One mount, two religions, three proposals: Elhanan Reiner

The controversy over the Temple Mount is again threatening to ignite the region. Three Israeli and Jewish viewpoints suggest a different perspective on the holiness of the site and the meaning of sovereignty over it. Elhanan Reiner explains the idea behind aliyah l’regel

 

The controversy over the Temple Mount is again threatening to ignite the region. Three Israeli and Jewish viewpoints suggest a different perspective on the holiness of the site and the meaning of sovereignty over it. Professor Israel Knohl relates to the partial fulfillment of Yeshayahu’s vision; Professor Elhanan Reiner explains the idea behind aliyah l’regel; and Professor Menachem Fisch explains that the holiness of place is not connected to ownership.  
 
By Elhanan Reiner
 
The oleh l’regel is not able to reach his destination – there will always remain one step that he has not taken. He will never take the last step, following which there are no more. Even when he has almost reached his goal and can see the Holy of Holies before his eyes, he sees it from a distance and cannot approach. This is one of the foundations of aliyah l’regel. “The Lord hath said that He would dwell in the thick darkness” (Chronicles II, 6:1). Therefore, when a man faces the Holy, he has essentially arrived, despite or because of the last step that he cannot take.
 
This has been a basic tenet of the religious view of the Temple Mount since the Destruction. The Western Wall is a powerful metonymy for the concept of being on the threshold, which internalizes the idea of approaching but not quite reaching the Holy. The metonymy of walls that enclose the Holy but are essentially open constitute the actual threshold of the House of God. It is similar to God putting Moses on Mount Nebo: “There you will not go” (Deuteronomy 32:52).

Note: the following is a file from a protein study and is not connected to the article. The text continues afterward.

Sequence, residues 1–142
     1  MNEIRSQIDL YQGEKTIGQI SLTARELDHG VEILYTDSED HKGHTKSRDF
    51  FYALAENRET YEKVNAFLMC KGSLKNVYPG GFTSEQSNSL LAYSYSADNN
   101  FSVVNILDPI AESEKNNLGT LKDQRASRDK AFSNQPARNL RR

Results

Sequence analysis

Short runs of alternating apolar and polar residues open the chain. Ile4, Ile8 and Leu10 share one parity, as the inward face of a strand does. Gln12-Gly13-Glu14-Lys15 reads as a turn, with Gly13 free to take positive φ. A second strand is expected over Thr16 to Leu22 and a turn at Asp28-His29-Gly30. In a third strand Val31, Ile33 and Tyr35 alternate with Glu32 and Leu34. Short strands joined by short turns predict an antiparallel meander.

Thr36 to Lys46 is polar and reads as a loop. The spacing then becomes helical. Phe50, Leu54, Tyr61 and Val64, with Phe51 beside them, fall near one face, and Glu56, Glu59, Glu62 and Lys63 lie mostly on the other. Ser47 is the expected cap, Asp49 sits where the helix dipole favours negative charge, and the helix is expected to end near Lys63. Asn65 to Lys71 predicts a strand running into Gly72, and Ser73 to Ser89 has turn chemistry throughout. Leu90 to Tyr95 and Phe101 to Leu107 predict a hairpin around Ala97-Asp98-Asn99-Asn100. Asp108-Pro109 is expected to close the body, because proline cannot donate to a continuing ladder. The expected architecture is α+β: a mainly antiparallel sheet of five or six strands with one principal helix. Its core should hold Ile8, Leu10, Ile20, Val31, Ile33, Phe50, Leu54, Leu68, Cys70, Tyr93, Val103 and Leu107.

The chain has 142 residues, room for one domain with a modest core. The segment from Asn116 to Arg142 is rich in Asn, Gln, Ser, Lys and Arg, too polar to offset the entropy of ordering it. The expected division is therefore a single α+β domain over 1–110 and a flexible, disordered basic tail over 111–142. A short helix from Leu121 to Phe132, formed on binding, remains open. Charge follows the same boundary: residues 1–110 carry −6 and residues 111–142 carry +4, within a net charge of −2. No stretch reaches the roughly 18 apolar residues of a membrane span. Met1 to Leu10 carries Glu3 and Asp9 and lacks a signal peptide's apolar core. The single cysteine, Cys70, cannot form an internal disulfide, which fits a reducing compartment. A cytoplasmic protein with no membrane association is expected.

You can see from there what you cannot see from here. This is “from Mount Scopus and closer” (Talmud Berachot 61b). And this is the circuit of the gates which the oleh l’regel followed around the Temple. Not to the straight line leading to the site; and he has no choice but to stop. Instead, he circles it again and again and the holy place is always before him.
 
The power of the site’s presence is not manifested in reaching it but in approaching it. This is essentially the idea on which the Temple is based: olim l’regel gather there and in that way sanctify it; by approaching it, they experience its presence, but the Holy of Holies, the heart of their objective, they do not reach. The state of not quite arriving, of stopping on the threshold, is what makes the aliyah l’regel to the Temple into a journey that is so important and meaningful. This seemingly Diaspora attitude accurately expresses the idea of the Temple. Only the Cohen Hagadol enters the Holy of Holies once a year.
 
The Temple concept is based on the journey to the Temple, a journey which is not meant to end at its destination. It is the eternal, unfinished journey. The desire to destroy the Holy, not knowing the boundaries of holiness, is to desecrate it. It is not a religious desire to reach the holy place. It is empty nationalism that sanctifies the foothold. It demands the foothold but does not realize that the price of achieving it is its secularization.

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